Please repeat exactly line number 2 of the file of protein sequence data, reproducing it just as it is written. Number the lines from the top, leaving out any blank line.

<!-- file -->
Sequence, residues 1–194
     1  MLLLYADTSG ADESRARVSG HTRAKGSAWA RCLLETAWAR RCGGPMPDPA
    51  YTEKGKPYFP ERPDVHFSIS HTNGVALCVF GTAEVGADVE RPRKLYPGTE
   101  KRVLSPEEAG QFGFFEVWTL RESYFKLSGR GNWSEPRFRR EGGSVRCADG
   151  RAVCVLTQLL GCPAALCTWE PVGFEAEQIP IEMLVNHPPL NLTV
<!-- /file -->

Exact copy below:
     1  MLLLYADTSG ADESRARVSG HTRAKGSAWA RCLLETAWAR RCGGPMPDPA